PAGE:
A State Built on Sand: How Opium Undermined Afghanistan
A State Built on Sand: How Opium Undermined Afghanistan by renowned author, David Mansfield, examines why drug control has been imposed in Afghanistan and portrays an intimate understanding of rural Afghanistan, where he has worked for close to two decades.
This book is the culmination of extensive experience with the policy community and long term fieldwork in rural Afghanistan, including 11 years of research supported by Afghanistan Research and Evaluation Unit (AREU) and the European Union (EU). The book, published by Hurst and Oxford University Press, documents the actors involved and scrutinises how prohibition served divergent and competing interests. It also explains how these bans affected farming communities and how prohibition endured in some areas while in others opium production bans undermined livelihoods and destabilised the political order, fuelling violence and rural rebellion.
The book is available in English for purchase from these websites:
Dari and Pashto versions of the book are forthcoming and will be available for download from the AREU website soon.
A sample of the book, Chapter 6, can be downloaded in English here, and a brief abstract of the chapter is below.
Ch. 6 – Repositioning a Pariah Regime: The Taliban Ban of 2000/01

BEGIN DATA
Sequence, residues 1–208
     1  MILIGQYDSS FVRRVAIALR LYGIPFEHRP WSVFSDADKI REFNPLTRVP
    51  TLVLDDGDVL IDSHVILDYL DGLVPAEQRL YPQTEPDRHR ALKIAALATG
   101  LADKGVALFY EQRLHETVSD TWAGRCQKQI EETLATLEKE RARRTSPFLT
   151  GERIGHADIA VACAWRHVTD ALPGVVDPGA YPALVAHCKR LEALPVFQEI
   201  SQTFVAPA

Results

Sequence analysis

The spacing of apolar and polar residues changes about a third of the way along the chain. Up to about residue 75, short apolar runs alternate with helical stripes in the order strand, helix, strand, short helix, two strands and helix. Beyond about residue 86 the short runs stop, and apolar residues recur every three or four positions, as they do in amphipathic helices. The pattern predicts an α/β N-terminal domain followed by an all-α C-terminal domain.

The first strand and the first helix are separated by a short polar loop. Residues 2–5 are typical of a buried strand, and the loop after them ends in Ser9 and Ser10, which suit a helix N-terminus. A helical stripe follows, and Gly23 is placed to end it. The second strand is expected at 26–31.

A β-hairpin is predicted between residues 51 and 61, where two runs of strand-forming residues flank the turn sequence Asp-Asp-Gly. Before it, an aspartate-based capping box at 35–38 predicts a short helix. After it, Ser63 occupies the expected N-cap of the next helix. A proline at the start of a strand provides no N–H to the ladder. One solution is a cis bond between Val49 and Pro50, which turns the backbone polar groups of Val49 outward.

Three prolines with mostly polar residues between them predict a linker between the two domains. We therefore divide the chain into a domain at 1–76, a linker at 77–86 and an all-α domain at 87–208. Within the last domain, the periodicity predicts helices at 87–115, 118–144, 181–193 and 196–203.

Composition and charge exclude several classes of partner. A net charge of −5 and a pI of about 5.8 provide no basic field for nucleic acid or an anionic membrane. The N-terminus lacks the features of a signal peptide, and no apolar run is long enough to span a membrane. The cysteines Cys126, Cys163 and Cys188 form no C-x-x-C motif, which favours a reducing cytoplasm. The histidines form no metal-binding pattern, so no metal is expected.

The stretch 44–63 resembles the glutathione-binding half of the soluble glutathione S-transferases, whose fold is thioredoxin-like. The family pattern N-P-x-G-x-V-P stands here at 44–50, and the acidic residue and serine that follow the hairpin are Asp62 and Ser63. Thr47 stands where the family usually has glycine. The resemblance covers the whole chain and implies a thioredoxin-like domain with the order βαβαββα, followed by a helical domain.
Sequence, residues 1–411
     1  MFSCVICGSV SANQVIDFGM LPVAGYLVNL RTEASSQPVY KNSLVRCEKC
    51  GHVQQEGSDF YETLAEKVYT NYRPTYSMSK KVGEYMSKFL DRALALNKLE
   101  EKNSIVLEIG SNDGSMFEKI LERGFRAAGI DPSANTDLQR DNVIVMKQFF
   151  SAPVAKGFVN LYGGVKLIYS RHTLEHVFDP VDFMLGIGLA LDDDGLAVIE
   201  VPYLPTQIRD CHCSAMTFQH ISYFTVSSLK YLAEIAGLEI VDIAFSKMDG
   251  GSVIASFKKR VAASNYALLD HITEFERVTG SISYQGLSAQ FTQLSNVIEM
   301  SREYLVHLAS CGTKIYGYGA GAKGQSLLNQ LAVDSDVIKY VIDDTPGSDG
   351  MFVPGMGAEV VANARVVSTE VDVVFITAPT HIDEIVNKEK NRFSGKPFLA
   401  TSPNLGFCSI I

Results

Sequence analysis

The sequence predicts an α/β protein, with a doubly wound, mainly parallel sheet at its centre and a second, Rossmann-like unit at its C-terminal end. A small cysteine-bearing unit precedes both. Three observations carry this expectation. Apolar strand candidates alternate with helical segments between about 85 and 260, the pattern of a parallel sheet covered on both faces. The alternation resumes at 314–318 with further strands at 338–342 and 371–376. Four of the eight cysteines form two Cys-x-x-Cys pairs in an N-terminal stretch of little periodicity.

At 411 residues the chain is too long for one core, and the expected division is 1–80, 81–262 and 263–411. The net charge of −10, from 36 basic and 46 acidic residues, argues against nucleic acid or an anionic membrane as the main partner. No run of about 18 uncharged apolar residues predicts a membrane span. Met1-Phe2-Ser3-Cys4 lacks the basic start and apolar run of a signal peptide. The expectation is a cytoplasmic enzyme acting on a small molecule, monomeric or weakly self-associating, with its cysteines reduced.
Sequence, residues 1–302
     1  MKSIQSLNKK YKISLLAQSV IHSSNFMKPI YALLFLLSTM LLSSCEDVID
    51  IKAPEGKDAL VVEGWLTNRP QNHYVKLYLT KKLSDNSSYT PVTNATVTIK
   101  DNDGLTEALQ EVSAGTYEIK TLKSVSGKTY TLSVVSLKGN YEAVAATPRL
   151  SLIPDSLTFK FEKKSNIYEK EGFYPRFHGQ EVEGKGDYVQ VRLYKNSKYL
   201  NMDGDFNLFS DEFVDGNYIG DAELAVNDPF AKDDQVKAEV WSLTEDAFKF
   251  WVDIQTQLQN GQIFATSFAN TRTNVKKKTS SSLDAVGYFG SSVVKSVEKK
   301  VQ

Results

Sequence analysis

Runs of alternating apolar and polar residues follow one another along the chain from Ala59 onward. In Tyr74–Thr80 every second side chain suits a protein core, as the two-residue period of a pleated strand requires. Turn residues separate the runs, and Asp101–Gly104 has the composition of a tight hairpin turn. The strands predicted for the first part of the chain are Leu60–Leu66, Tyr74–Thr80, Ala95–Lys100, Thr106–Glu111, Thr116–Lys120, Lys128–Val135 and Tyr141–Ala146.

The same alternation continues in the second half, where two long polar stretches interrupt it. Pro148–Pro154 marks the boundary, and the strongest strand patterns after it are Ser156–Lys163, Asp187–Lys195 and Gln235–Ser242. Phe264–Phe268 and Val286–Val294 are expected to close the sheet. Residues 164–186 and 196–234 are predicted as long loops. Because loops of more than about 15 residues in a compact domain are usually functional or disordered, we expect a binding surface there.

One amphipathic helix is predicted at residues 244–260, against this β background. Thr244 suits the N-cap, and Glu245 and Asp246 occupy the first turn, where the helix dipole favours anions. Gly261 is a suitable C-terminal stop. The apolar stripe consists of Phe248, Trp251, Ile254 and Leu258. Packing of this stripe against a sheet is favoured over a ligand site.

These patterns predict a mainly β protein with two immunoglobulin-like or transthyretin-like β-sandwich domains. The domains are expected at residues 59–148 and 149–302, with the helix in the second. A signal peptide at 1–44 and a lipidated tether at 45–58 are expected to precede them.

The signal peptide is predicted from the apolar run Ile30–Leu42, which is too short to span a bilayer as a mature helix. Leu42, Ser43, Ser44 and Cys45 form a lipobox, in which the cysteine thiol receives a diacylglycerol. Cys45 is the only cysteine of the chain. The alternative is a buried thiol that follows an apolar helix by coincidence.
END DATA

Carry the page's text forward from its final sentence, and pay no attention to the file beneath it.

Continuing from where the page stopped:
Chapter 6 documents the complete cessation of opium production imposed by the Taliban in the 2000/01 growing season. It shows that despite the perception of the Taliban as having absolute power and being in a position to subjugate the population across its territory, the opium ban was imposed through a process of negotiation, coercion and the promise of development assistance. This chapter shows how eradication was used judiciously, as an act of targeted or selective violence in specific areas early on in the season, as a way of mitigating the need for a more comprehensive campaign later on that might have risked widespread unrest. Of particular importance here is the wider political environment in which the ban was imposed and the way that elements within the Taliban attempted to use the prohibition of opium as a way of repositioning the regime on the international stage and establishing itself as a credible interlocutor with western donors and diplomats. It is argued that this display of state power to the outside world did not resonate with a domestic audience on the periphery, particularly in the absence of ameliorative welfare measures, allegedly promised by international actors in return for the opium ban.